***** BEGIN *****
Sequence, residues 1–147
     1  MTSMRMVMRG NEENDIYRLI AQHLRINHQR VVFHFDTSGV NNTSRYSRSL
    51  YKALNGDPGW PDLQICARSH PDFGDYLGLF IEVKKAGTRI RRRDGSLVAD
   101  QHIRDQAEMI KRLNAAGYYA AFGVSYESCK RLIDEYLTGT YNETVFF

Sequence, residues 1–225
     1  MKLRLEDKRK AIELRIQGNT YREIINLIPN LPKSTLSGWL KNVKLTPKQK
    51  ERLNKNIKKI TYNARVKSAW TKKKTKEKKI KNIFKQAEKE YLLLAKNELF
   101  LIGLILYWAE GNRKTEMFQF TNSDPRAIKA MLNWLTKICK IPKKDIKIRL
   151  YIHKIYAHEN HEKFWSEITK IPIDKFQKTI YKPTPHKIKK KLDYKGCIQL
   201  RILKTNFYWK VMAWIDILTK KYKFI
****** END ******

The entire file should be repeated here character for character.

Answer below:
Sequence, residues 1–147
     1  MTSMRMVMRG NEENDIYRLI AQHLRINHQR VVFHFDTSGV NNTSRYSRSL
    51  YKALNGDPGW PDLQICARSH PDFGDYLGLF IEVKKAGTRI RRRDGSLVAD
   101  QHIRDQAEMI KRLNAAGYYA AFGVSYESCK RLIDEYLTGT YNETVFF

Sequence, residues 1–225
     1  MKLRLEDKRK AIELRIQGNT YREIINLIPN LPKSTLSGWL KNVKLTPKQK
    51  ERLNKNIKKI TYNARVKSAW TKKKTKEKKI KNIFKQAEKE YLLLAKNELF
   101  LIGLILYWAE GNRKTEMFQF TNSDPRAIKA MLNWLTKICK IPKKDIKIRL
   151  YIHKIYAHEN HEKFWSEITK IPIDKFQKTI YKPTPHKIKK KLDYKGCIQL
   201  RILKTNFYWK VMAWIDILTK KYKFI